Our newest blog post looks at the pre-earnings divergence in a stock’s short-interest measures vs. the Hanweck Borrow Intensity Indicator, which forecasts whether a stock is becoming harder or easier to borrow using data from the options market. Stock borrow rates offer value as a trading and risk indicator. It can be an important signal, if a stock not ordinarily hard-to-borrow suddenly becomes hard-to-borrow, or if the opposite occurs.
If a stock with a large short base pre-earnings (indicating negative market expectations) is actually becoming easier to borrow according to our data, this could be a signal that market expectations are incorrect and could present an opportunity for alpha generation.
Why call it Bob’s Free Lunch, you ask? Hanweck’s Head of Business Development Bob Levy did exactly this a few weeks ago. He was sitting with one of our quantitative analysts reviewing the list of stocks most-shorted before earnings and compared it to our Borrow Intensity data.
One name stood out as inconsistent: IMMU. Options markets showed it becoming easier to borrow, with no premium at all for Puts over Calls as we approached earnings day, but the most-shorted pre-earnings list showed it to have an increasing % of shares outstanding on loan, and a top-10 levels of securities borrow by same measure. So a major short-base by conventional measures with not a smidgen of informed Put buying in options in Borrow Intensity.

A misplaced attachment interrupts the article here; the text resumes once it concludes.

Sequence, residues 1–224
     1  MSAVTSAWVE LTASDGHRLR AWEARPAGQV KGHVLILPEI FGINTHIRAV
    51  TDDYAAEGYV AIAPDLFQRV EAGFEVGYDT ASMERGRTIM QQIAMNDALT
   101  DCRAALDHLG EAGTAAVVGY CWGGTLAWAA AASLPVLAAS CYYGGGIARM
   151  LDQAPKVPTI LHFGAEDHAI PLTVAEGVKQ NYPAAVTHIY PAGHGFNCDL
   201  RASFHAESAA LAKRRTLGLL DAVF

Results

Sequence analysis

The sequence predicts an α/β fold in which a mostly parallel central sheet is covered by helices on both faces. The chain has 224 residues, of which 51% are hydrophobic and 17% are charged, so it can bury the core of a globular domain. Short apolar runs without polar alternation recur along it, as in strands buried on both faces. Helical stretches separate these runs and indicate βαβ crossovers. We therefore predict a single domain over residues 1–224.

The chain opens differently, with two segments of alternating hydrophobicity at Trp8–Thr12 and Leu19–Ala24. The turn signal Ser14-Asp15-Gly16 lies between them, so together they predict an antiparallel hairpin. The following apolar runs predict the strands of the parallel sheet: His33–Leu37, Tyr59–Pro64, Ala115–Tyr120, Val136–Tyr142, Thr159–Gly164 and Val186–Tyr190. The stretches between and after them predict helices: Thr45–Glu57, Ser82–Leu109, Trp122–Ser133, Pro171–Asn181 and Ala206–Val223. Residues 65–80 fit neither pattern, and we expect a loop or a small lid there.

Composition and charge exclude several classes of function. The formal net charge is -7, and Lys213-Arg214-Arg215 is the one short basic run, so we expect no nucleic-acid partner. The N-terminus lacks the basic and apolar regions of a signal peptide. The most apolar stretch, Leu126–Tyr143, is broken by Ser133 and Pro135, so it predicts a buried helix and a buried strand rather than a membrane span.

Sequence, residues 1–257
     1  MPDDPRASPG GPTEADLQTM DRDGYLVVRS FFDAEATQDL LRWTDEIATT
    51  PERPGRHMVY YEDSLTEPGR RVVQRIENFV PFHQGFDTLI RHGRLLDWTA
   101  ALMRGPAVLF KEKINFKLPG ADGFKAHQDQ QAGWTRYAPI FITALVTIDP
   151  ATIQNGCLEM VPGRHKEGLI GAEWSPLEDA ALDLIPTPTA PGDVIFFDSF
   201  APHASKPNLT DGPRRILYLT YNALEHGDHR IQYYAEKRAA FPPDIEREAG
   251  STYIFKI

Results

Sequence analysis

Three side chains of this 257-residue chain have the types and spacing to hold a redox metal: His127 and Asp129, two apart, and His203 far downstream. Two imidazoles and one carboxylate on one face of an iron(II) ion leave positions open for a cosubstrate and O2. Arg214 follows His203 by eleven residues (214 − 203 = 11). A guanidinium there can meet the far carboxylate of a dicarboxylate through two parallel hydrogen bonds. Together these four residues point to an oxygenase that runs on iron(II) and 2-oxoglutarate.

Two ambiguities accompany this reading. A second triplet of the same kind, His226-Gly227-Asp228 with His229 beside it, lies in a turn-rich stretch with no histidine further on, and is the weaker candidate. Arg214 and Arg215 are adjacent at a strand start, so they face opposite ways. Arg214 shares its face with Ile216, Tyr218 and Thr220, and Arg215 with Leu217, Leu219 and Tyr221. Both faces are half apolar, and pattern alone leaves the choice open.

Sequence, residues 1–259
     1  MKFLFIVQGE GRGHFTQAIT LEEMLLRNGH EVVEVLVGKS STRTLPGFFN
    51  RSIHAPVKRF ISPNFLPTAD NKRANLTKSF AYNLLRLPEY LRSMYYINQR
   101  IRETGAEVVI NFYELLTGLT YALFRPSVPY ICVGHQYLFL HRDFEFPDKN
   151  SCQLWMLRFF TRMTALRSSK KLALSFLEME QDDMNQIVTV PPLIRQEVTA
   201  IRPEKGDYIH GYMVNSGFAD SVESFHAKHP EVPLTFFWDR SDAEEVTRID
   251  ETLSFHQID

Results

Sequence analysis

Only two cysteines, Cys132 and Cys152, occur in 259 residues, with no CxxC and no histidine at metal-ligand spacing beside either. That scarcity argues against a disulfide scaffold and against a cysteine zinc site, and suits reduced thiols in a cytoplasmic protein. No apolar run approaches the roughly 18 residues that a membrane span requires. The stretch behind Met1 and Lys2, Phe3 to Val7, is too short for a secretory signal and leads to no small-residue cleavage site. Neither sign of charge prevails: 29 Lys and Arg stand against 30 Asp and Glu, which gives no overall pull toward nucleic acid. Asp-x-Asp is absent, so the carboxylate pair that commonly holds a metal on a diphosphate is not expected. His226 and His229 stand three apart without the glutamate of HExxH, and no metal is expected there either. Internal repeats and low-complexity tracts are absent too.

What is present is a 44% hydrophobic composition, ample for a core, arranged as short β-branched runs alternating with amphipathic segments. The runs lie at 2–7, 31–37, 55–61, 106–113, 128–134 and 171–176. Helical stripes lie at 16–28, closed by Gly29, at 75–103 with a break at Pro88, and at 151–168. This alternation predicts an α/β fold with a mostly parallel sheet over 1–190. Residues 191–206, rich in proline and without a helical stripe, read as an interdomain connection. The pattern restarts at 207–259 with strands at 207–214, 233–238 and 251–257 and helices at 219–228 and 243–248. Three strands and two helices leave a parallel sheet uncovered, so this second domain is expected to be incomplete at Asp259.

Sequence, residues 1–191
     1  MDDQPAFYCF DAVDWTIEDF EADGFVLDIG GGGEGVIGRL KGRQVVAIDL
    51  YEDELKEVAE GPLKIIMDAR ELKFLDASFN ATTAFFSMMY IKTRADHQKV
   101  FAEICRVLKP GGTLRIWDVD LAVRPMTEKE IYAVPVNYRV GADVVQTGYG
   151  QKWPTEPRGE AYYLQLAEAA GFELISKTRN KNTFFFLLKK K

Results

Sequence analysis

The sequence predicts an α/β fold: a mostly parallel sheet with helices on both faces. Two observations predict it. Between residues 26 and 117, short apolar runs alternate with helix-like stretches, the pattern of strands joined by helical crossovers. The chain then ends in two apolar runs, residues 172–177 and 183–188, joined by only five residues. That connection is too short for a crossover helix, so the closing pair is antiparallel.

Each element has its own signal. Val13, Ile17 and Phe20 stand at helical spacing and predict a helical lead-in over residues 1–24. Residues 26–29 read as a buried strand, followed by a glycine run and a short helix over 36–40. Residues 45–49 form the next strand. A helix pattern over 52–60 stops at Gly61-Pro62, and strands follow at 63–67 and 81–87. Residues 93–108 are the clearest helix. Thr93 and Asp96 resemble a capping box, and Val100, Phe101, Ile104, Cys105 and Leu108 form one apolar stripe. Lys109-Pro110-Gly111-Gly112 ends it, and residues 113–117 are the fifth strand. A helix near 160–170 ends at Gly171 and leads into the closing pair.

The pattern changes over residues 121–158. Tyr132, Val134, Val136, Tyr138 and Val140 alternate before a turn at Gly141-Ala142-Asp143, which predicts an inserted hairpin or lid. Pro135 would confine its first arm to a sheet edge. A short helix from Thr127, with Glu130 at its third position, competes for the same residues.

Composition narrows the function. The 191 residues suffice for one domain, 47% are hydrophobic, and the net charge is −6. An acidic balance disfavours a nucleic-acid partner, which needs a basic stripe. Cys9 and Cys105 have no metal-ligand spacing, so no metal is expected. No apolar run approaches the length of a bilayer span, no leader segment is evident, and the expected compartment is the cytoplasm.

So Bob went ahead and bought 100 shares of IMMU before earnings at $7.89 (IMMU 18.37 -0.39 -2.09%). It's now at $11.43 (as of 9/21/17) and paid for Bob to enjoy some fine dining. Here’s Bob at lunch:
Market participants frequently look at standard indicators such as Loan Outstanding and the delayed Short Interest indicators. By also using Hanweck Borrow Intensity data, they now have access to a true here-and-now measure of expectations of the same thing. It's all about inspecting the iceberg from both above and below the water.
 Hanweck Borrow Intensity Indicators offer advantages as a window of insight into the Stock Loan market: